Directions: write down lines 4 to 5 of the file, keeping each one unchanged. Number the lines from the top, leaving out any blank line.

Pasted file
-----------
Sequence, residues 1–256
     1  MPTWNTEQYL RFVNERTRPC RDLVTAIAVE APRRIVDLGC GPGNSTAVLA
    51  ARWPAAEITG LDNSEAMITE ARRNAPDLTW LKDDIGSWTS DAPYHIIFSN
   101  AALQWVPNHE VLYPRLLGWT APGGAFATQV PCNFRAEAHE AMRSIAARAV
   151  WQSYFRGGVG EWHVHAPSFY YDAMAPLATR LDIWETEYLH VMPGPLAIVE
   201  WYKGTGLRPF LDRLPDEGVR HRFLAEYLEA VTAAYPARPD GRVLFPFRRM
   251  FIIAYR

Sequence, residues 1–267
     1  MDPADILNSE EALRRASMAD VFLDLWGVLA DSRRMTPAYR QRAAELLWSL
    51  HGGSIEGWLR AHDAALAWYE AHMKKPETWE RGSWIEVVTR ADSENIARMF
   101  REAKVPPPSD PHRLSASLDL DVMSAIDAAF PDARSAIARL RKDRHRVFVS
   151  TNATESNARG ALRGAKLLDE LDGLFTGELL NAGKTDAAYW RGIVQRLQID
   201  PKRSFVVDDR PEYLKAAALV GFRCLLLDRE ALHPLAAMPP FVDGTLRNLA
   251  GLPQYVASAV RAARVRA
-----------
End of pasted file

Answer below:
   101  AALQWVPNHE VLYPRLLGWT APGGAFATQV PCNFRAEAHE AMRSIAARAV
   151  WQSYFRGGVG EWHVHAPSFY YDAMAPLATR LDIWETEYLH VMPGPLAIVE